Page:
As financial markets stagger from one low to the next, it's easy to forget that the subprime mortgage debacle -- which has been blamed for kick starting the contagion -- still has a ways to run.
More than half a million mortgages, worth about $110 billion, will have their intro "teaser" interest rates reset over the next six months, according the latest available data from First American CoreLogic, a mortgage industry research group.
The majority of these mortgages -- about three quarters of them -- will likely spring to 10 percent interest, which will be unaffordable for many borrowers, said Guy Cecala from Inside Mortgage Finance.
"None of these loans are sustainable at 10 percent. Nobody in their right mind would continue to pay them at 10 percent," Cecala said.
There is a total of $337 billion of subprime mortgages still outstanding, according to First American. Virtually all of these loans were made during the subprime frenzy of 2004, 2005 and 2006, and most reset to higher interest rates two or three years after they were created.
"But nobody ever intended that the loans would ever reset," said Cecala. "In fact, they were always set up so that somebody would refinance."
The problem could be particularly acute since, as FDIC chief Sheila Bair recently noted, the government's big bailout contains no provisions to address foreclosures. Meanwhile, now that credit has dried up, it will be hard for homeowners to refinance.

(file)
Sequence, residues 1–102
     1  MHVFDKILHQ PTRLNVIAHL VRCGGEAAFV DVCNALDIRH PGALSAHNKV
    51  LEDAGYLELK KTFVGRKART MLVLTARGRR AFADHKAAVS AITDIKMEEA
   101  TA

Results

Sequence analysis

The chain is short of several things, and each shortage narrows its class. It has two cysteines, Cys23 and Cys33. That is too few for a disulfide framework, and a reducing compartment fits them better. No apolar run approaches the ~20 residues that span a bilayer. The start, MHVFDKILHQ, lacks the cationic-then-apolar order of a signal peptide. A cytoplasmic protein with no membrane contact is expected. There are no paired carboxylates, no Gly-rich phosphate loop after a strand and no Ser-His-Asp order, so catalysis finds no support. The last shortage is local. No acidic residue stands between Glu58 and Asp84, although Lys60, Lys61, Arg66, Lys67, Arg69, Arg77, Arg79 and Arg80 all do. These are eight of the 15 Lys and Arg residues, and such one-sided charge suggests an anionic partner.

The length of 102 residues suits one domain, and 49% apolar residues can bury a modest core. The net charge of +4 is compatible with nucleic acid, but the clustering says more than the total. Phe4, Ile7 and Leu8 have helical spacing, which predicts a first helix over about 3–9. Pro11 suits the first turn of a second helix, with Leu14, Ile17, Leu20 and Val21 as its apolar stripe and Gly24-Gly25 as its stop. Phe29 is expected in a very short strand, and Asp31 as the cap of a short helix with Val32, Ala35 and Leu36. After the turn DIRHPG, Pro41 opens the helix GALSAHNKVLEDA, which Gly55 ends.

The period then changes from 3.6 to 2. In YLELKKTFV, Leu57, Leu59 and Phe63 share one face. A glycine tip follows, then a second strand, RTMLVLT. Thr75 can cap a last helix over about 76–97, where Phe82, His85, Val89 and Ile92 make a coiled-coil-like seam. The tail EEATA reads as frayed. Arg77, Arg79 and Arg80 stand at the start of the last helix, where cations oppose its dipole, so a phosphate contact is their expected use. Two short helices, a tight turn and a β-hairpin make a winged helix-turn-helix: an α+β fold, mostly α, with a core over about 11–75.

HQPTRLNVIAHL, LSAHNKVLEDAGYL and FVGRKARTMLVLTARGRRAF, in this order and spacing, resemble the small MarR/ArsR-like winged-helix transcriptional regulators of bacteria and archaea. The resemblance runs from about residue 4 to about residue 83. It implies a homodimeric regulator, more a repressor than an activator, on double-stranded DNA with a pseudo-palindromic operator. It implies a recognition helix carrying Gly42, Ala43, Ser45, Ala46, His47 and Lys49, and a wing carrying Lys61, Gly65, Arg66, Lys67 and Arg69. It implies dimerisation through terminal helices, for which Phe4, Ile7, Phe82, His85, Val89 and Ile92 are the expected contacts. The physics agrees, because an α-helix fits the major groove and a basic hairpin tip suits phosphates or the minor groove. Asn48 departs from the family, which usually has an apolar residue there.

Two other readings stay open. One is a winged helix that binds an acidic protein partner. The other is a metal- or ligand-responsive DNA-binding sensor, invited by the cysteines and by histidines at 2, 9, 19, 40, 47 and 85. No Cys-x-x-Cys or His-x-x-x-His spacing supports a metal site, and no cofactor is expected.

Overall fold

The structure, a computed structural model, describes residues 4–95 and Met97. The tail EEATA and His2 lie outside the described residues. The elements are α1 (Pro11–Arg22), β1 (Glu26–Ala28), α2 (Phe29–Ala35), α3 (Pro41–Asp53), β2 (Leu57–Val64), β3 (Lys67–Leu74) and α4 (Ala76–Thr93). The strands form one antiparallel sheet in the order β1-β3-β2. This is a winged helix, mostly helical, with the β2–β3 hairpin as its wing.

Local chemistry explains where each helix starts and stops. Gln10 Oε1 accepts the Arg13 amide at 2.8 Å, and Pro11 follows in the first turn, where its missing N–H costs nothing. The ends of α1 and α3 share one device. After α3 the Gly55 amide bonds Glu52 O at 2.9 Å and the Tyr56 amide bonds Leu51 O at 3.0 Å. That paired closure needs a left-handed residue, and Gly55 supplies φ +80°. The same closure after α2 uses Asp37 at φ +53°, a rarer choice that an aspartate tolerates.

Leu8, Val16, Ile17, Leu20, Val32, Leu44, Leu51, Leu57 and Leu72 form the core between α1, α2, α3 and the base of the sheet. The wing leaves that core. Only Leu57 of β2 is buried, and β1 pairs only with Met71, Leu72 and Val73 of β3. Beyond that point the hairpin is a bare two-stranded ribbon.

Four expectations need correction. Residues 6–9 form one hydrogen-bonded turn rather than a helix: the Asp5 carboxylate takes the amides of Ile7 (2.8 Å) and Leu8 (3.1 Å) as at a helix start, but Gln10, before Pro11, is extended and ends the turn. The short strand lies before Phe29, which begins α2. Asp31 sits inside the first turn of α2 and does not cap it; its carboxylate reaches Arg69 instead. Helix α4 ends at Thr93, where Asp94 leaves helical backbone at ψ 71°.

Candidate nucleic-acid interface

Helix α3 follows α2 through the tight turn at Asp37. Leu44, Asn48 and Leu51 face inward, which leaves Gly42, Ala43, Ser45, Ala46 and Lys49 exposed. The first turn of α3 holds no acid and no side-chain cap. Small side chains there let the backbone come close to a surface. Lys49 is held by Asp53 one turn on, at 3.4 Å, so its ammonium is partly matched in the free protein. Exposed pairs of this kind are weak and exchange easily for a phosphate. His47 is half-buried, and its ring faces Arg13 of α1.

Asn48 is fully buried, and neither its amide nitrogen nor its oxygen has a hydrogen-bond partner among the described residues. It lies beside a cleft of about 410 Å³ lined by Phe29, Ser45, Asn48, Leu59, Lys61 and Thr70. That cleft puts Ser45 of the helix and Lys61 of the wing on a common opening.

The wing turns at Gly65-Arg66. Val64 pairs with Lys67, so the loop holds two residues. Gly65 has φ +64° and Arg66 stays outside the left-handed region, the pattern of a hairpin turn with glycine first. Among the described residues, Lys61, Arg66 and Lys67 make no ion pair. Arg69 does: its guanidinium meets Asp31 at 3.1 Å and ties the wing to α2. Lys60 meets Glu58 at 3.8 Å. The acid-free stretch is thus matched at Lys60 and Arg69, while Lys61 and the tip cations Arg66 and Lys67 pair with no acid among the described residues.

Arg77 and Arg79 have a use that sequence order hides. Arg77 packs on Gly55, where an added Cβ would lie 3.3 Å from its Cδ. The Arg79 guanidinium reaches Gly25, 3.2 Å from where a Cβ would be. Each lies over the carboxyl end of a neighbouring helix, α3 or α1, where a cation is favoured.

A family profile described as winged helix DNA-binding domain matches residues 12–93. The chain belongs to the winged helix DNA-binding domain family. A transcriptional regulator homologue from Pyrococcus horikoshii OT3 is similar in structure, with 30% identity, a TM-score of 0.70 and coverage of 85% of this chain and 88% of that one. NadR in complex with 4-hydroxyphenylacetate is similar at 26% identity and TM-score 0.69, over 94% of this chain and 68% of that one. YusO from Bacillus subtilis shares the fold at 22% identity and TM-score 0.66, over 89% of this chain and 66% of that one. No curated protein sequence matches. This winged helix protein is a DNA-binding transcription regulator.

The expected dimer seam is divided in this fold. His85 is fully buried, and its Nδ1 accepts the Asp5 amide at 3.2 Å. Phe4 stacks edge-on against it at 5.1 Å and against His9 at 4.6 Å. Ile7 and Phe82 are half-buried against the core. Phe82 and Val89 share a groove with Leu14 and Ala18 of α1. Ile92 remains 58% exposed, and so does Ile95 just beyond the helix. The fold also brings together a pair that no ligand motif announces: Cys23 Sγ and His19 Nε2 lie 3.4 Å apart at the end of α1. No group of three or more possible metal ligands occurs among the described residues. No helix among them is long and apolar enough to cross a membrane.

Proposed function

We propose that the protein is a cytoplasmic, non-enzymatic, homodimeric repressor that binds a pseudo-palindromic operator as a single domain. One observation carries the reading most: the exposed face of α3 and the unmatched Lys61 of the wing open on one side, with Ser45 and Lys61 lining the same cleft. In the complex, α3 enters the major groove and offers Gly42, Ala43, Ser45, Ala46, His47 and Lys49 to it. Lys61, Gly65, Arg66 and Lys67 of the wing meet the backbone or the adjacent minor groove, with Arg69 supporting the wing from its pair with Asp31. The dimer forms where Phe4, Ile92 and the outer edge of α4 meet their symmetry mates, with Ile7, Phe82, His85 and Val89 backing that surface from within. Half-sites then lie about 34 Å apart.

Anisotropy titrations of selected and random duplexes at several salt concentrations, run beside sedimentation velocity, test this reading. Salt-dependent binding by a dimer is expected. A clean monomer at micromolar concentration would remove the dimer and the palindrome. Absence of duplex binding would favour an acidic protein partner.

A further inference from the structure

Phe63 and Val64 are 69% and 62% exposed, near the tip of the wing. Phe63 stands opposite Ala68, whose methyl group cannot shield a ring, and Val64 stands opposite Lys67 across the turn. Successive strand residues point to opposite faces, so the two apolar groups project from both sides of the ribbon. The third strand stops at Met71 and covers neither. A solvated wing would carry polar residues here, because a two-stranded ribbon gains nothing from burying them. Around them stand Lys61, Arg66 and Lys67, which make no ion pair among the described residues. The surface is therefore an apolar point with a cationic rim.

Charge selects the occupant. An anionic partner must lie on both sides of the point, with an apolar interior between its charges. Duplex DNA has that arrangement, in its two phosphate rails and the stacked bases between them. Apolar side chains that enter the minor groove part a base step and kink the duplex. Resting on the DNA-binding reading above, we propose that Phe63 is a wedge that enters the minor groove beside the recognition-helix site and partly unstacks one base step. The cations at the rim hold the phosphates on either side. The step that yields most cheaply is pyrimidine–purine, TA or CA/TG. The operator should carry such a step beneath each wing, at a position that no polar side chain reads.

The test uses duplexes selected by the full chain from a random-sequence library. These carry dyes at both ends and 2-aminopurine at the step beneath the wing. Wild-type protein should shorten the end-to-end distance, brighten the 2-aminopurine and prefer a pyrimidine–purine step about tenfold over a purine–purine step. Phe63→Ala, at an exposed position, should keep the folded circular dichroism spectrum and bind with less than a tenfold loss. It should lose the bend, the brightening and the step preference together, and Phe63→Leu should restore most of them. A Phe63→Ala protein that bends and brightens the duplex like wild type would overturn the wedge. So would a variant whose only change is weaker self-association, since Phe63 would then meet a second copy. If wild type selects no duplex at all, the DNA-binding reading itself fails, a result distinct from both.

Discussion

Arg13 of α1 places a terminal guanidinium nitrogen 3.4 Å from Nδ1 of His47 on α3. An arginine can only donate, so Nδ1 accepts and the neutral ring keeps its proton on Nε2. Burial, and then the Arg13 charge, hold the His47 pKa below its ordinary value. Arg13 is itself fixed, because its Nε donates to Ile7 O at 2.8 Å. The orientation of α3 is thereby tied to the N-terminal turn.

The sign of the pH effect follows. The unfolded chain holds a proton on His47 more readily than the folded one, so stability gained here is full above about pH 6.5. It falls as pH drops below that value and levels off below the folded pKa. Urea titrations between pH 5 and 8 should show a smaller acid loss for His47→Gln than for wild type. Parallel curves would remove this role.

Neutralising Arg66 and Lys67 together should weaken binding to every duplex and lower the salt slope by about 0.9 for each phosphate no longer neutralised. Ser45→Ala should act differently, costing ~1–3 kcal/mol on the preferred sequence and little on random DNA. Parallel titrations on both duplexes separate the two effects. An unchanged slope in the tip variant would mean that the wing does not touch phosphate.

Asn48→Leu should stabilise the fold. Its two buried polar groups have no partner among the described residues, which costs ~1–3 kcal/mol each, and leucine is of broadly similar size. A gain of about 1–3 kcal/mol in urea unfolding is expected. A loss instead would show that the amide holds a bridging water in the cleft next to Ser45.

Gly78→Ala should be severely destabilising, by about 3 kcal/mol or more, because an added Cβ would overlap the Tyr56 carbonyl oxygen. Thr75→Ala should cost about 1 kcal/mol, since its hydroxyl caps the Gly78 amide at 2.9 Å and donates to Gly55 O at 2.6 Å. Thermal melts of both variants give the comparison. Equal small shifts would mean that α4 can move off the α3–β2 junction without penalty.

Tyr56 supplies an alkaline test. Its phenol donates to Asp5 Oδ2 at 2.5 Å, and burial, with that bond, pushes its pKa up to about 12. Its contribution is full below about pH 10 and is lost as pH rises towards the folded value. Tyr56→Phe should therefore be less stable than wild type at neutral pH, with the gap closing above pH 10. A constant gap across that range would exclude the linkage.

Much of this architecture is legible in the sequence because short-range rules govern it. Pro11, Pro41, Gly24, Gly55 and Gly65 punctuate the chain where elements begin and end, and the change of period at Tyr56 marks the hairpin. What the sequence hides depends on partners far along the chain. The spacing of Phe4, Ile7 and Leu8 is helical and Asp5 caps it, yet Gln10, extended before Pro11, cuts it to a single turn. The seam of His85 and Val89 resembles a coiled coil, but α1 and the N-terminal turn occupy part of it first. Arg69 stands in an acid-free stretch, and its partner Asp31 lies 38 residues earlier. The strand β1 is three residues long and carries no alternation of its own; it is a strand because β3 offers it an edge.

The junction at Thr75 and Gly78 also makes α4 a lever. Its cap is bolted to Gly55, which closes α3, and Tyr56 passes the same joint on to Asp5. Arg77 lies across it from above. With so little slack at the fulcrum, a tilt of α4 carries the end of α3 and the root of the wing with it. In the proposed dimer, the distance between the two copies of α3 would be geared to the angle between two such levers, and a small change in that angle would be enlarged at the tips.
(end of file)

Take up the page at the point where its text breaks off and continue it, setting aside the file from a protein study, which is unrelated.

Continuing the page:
The mere fact that interest rates will leap does not necessarily mean that foreclosures will follow. Only a fifth of subprime mortgages that have already reset have gone into some sort of bankruptcy or foreclosure process, according to data provided to us by the Department of Housing and Urban Development.
There are, however, some indications that many of these mortgages may go bad.
A large number of borrowers still on the low "teaser" rates are already falling behind on payments -- one in seven is between 30 and 90 days late, according to HUD. The figures are worse for mortgages whose rates have already changed -- more than a fifth of those are behind. These borrowers have not yet gone into foreclosure, but if they do not start to make repayments, they might.
The new rates are calculated by adding six percent to the bank lending rate -- LIBOR -- which is currently about four percent, adding up to 10 percent.
"We're not particularly well set up to deal with the resets," Cecala said. "Why don't we just freeze them? That seems like a no-brainer."